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Jul 7, 2004
6,079
Hunter 30T Cheney, KS
Our club is mostly like a big family that looks after each other. I would be grateful to anyone who secured anything on my boat that was flailing about. I learn from it, I don't get offended. The alternative may be a costly repair.
Fortunately I have internal halyards and I secure the ends to the toe rail.
 
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Oct 22, 2014
10,669
CAL 35 Cruiser Portland OR, moored EVERETT WA
something trivial
Only a guess, but you may not have been between to boats with unsecured lines when the wind clocked in at 30 plus at 1am. Sometimes you cannot save someone’s flyaway jib. But tightening lines or pulling them away from a mast is sometimes the only way to get some sleep. The last time I enjoyed that experience, as I came out of my boat I saw my neighbors boat yawing about and lines banging. The bow line had nearly separated and the halyard had found a way to slacken enough to begin chafing. Cut out the bad part of the bow line, retied the bow line. Then put a bungee around the halyard.
When he came to check his boat I gave him the end piece of the bowline and cautioned him about the chafing halyard. He grumbled a bit I went back to my boat for coffee. He came over apologizing for his reaction and thanked me. Said he knew he was going to have to replace the bowline but thought he could get by until the next sale.
 
Jun 22, 2016
54
Pearson 26 Chesapeake Bay
Our club is mostly like a big family that looks after each other. I would be grateful to anyone who secured anything on my boat that was flailing about. I learn from it, I don't get offended. The alternative may be a costly repair.
Fortunately I have internal halyards and I secure the ends to the toe rail.
In that situation where everyone knows everyone, I say it's a no brainier.
 
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Jun 22, 2016
54
Pearson 26 Chesapeake Bay
Only a guess, but you may not have been between to boats with unsecured lines when the wind clocked in at 30 plus at 1am. Sometimes you cannot save someone’s flyaway jib. But tightening lines or pulling them away from a mast is sometimes the only way to get some sleep. The last time I enjoyed that experience, as I came out of my boat I saw my neighbors boat yawing about and lines banging. The bow line had nearly separated and the halyard had found a way to slacken enough to begin chafing. Cut out the bad part of the bow line, retied the bow line. Then put a bungee around the halyard.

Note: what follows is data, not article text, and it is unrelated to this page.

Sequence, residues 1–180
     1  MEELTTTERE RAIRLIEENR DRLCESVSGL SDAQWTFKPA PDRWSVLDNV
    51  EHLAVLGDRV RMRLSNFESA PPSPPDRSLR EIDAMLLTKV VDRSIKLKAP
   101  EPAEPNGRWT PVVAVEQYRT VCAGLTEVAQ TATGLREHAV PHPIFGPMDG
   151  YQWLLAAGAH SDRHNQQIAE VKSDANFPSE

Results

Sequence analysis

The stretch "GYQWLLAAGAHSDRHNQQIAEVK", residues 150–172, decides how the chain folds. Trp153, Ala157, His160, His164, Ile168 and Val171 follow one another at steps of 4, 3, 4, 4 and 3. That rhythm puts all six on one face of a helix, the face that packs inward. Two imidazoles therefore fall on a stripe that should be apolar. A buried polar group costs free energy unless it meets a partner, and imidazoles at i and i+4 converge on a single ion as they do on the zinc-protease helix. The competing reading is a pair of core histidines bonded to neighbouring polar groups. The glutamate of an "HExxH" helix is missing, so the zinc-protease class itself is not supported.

When he came to check his boat I gave him the end piece of the bowline and cautioned him about the chafing halyard. He grumbled a bit I went back to my boat for coffee. He came over apologizing for his reaction and thanked me. Said he knew he was going to have to replace the bowline but thought he could get by until the next sale.
There is a difference to me about saving someone's boat from coming out of slip, and helping yourself to others people property for a nuisance.
 
Oct 29, 2016
1,441
Hunter 41 DS Port Huron
@HighCs123 I have to ask, if it were your boat and the halyards worked their way loose and were clanging and banging away, how would you react to your neighbor taking care of the issue for you while you were away from your boat?
I know I would appreciate it, but more importantly I make every effort of preventing this annoyance prior to leaving my boat unattended.
 
Oct 22, 2014
10,669
CAL 35 Cruiser Portland OR, moored EVERETT WA
helping yourself to others people property for a nuisance.
I am not taking anything from the boat. I’m giving the owner a bungee to save his lines and my sanity. In my neighbors case I destroyed one of his lines by cutting the piece out. I was obliged to inform him I shortened the line. I returned the piece so he could understand the reason for my actions. I’m sure at first his grumbling was embarrassment that someone else helped him on His boat. Not being there he had no reference for the event. Over coffee he talked about the other boats that had lost sails. About a year ago our marina started sending out notice cautioning owners when wind events are forecast to occur. It has been a helpful action.
 
Jun 22, 2016
54
Pearson 26 Chesapeake Bay
@HighCs123 I have to ask, if it were your boat and the halyards worked their way loose and were clanging and banging away, how would you react to your neighbor taking care of the issue for you while you were away from your boat?
I know I would appreciate it, but more importantly I make every effort of preventing this annoyance prior to leaving my boat unattended.